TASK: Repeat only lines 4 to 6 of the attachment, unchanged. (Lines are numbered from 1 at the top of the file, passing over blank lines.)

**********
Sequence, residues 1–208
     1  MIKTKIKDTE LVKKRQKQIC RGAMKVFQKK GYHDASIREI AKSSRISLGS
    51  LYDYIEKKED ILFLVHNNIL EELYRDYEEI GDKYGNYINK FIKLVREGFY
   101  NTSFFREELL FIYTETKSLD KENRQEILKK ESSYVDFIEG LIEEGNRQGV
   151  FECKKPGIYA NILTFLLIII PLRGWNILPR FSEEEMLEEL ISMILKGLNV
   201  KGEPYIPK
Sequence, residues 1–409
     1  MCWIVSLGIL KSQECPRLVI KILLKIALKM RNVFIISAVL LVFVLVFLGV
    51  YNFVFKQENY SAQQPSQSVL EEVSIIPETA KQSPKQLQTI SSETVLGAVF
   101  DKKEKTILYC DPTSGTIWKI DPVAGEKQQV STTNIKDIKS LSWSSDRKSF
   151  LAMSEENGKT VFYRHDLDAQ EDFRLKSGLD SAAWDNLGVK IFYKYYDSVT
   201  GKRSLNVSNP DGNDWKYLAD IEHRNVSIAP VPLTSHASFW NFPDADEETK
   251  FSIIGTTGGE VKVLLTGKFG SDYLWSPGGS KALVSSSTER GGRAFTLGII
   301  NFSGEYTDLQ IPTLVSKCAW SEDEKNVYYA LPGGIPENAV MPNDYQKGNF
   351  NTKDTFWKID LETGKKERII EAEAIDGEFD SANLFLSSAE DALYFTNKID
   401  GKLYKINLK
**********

   101  NTSFFREELL FIYTETKSLD KENRQEILKK ESSYVDFIEG LIEEGNRQGV
   151  FECKKPGIYA NILTFLLIII PLRGWNILPR FSEEEMLEEL ISMILKGLNV
   201  KGEPYIPK